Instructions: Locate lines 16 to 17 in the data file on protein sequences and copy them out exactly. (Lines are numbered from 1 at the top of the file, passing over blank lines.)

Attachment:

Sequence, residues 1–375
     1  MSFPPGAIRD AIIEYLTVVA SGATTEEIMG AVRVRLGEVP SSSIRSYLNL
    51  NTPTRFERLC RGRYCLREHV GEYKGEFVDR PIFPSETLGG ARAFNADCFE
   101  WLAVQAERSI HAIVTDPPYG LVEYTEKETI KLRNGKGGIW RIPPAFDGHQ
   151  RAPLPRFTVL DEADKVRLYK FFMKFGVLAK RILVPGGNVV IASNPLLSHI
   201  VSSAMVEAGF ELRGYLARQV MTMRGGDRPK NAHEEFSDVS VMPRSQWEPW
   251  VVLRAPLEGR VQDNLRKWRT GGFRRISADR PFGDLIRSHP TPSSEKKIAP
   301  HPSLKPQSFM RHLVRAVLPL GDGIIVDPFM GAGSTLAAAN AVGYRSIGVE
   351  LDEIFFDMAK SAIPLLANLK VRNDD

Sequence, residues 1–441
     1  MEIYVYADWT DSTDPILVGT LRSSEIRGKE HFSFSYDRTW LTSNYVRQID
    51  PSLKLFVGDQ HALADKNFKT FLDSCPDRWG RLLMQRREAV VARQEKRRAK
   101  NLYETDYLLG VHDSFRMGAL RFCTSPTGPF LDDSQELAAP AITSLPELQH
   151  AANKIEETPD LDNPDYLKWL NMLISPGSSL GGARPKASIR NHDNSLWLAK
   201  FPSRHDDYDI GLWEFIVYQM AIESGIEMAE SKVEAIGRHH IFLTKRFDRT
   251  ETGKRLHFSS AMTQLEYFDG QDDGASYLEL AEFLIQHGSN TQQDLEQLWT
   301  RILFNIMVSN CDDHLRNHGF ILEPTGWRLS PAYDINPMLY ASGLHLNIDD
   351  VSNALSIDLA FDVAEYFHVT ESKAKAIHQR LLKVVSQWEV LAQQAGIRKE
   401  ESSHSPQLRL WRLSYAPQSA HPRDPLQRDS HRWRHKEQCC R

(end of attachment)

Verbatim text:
   251  ETGKRLHFSS AMTQLEYFDG QDDGASYLEL AEFLIQHGSN TQQDLEQLWT
   301  RILFNIMVSN CDDHLRNHGF ILEPTGWRLS PAYDINPMLY ASGLHLNIDD